by Kerry Dougherty
No one who knows my political leanings would expect me to watch a debate between Glenn Youngkin and Terry McAuliffe and declare the Democrat the winner.
And I’m not going to do that.
But I was worried before the cameras rolled. I met McAuliffe. I saw him working in a room. The guy Larry Sabato once disdainfully called “a Clintons sackman” can be quite charming.
That Terry McAuliffe wasn’t on stage last night.
In his place was a positively Nixonian man: angry, austere and rude. He cursed – repeatedly calling Youngkin “reckless” – and yelped endlessly about Trump.
Youngkin was ready for Trump’s tedious tropes.
“You made some people in Las Vegas very happy tonight,” Youngkin joked after McAuliffe mentioned Trump’s name several times in a long rant. “There’s an over and under tonight on how many times you’re going to say ‘Donald Trump’ and it was 10. You just walked through it.”
âLet’s have Terry McAuliffe against Glenn Youngkin and let the voters of Virginia decide who they want the next governor to be,â Youngkin suggested.
McAuliffe disabled the spell last night and activated the attack. He did his best to make Youngkin look like a far-right âtin foil hatâ candidate, but it didn’t work. Where McAuliffe was angry and emotional, Youngkin was composed, reasonable and, most importantly, well prepared.
But that was a question about schools where McAuliffe – who rakes money from teachers‘ unions – blurted out something that will no doubt show up in Youngkin’s ads before the end of the week.
In response to a question about schools, Youngkin said, âI think parents should be in charge of their children’s education.
McAuliffe retorted, âI don’t think parents should tell schools what to teach.
Great sound sample.
Flash info, McAuliffe: School boards, like other government entities, are elected by the people. (In most Virginia jurisdictions, anyway.) By definition, they respond to voters. Parents have an interest in what is taught in schools and school boards have a duty to listen to them. Even though teachers’ unions might prefer school boards to function as untouchable star chambers, they are not.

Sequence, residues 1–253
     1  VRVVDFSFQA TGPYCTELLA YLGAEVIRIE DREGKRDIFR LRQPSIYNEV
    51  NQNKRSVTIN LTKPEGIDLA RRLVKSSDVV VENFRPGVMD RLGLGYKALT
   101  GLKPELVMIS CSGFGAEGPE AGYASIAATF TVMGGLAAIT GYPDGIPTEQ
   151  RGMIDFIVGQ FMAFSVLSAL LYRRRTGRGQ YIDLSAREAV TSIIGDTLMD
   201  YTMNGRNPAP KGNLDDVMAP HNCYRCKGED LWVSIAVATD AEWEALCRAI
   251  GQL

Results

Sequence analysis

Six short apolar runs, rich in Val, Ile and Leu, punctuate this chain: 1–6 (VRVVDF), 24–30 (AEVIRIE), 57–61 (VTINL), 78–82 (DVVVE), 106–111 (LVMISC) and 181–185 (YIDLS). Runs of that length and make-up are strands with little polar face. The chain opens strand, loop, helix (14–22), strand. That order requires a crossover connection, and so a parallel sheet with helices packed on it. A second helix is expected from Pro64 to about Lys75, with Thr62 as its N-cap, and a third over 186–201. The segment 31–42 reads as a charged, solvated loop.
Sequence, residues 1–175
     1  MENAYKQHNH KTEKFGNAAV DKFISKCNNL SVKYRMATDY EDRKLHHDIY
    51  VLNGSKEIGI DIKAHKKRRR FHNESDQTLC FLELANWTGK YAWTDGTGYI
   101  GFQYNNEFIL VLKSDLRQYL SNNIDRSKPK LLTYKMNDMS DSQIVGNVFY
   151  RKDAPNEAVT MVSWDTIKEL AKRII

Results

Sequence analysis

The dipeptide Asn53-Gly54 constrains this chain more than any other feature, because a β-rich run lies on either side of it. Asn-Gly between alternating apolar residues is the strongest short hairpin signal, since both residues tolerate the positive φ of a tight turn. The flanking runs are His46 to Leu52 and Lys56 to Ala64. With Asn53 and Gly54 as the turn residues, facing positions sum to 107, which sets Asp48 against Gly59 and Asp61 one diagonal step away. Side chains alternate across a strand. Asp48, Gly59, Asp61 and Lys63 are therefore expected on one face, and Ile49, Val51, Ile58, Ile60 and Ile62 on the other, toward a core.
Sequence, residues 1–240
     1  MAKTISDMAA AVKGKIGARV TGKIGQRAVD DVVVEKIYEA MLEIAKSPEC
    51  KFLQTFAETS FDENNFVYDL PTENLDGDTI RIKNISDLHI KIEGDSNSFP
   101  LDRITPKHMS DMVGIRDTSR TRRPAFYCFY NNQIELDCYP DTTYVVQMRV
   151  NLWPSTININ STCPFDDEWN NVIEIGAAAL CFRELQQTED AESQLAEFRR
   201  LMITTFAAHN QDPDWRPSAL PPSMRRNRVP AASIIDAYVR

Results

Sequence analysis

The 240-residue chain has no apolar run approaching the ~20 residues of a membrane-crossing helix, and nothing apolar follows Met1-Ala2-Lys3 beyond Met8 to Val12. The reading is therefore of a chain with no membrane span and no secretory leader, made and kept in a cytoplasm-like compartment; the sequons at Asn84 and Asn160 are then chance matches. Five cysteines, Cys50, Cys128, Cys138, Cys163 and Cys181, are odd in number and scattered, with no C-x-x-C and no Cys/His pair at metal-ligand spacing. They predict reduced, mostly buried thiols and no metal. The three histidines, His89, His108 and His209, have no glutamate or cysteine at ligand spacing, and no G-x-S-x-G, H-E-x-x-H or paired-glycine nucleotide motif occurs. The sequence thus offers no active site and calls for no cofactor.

Oh, and as the Youngkin campaign was quick to point out after the debate, McAuliffe should really be familiar with the Virginia 1: 240.1 Code:
âA parent has the fundamental right to make decisions about the upbringing, education and care of their child. “
All over Virginia, from Virginia Beach to Loudoun County, parents are being excluded from school board decisions and they are not happy with them.
These people vote.
As expected with Chuck Todd as moderator, the questions were meant to trip Youngkin.
Case in point: Youngkin was asked if Trump was the Republican presidential candidate in 2024, would he support him. Answer, yes.
Oddly, Todd didn’t ask McAuliffe if he would back Alexandria Ocasio-Cortez if she was the Democrats’ choice.
(It’s a miracle that a Republican ever accepts a debate. One of the panelists, an associate professor at George Mason University, withdrew from the debate panel after it was revealed he had called Republicans racists on social media.)
At the end of the hour-long debate, each candidate was given one minute to conclude.
Youngkin was optimistic, almost Reaganesque, as he summoned Washington, Madison, Jefferson and Mason and asked voters to help him rebuild Virginia together.
Then it was McAuliffe’s turn. He continued with the stories, attacking Youngkin as an aspiring Trump and falsely accused him of wanting to ban abortion and same-sex marriage.
That’s when it hit me. There was a candidate on stage exhibiting the exact type of brutal behavior that ultimately condemned Donald Trump.
And it wasn’t Youngkin.
This column has been republished with permission from Kerry: unemployed and unedited.